Bryan Garner is right when he says that clients hire lawyers to persuade. Sometimes I think that we forget that. Recently, I was appointed to represent one of two defendants on an appeal in a federal criminal case. The first page is a page from the co-defendant's counsel's brief. Without reading a word, you can see how his lack of care in formatting his work renders the brief uninteresting and unpersuasive (who'd want to read 40 to 50 pages like this?). What are the problems? First is his top paragraph, which happens to introduce a new point of error. He's not only capitalized everything in the paragraph, he's justified it on the right, and he's failed to set it off from the rest of the page. Second, he cites the sentencing guidelines, but he doesn't set that block quotation from the rest of the text either.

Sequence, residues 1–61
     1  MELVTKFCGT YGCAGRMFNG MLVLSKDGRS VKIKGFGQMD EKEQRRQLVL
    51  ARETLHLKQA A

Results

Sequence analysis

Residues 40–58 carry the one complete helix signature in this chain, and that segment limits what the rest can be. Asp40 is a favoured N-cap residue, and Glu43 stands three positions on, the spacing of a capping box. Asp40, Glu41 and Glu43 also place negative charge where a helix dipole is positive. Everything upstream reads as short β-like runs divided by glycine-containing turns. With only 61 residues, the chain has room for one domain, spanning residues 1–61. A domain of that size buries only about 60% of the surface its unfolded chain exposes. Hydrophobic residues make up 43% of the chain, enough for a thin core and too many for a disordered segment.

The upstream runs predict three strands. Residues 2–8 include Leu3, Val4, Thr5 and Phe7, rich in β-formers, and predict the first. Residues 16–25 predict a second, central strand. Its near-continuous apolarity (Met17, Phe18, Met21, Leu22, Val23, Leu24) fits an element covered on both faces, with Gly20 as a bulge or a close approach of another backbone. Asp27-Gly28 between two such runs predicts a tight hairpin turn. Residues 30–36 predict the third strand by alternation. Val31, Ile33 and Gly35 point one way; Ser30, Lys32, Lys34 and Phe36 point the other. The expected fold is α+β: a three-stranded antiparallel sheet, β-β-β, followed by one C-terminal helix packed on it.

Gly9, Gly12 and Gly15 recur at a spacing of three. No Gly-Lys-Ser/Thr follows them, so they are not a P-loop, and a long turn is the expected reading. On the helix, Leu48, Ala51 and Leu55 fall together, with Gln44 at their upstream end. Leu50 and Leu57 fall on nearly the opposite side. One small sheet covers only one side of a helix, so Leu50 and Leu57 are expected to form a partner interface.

It's also justified to the right which gives it that boilerplate look (who reads boilerplate?). Third, he's capitalized things he shouldn't have. And, lastly, he's used Times Roman—a real no-no.
Laying aside questions of substance and block quotations, I reformatted the page with the judges in mind. Just a few formatting tricks makes a huge difference, don't they? Which one do you think a judge would be more interested in reading? Formatting, believe it or not, is extremely important in good advocacy.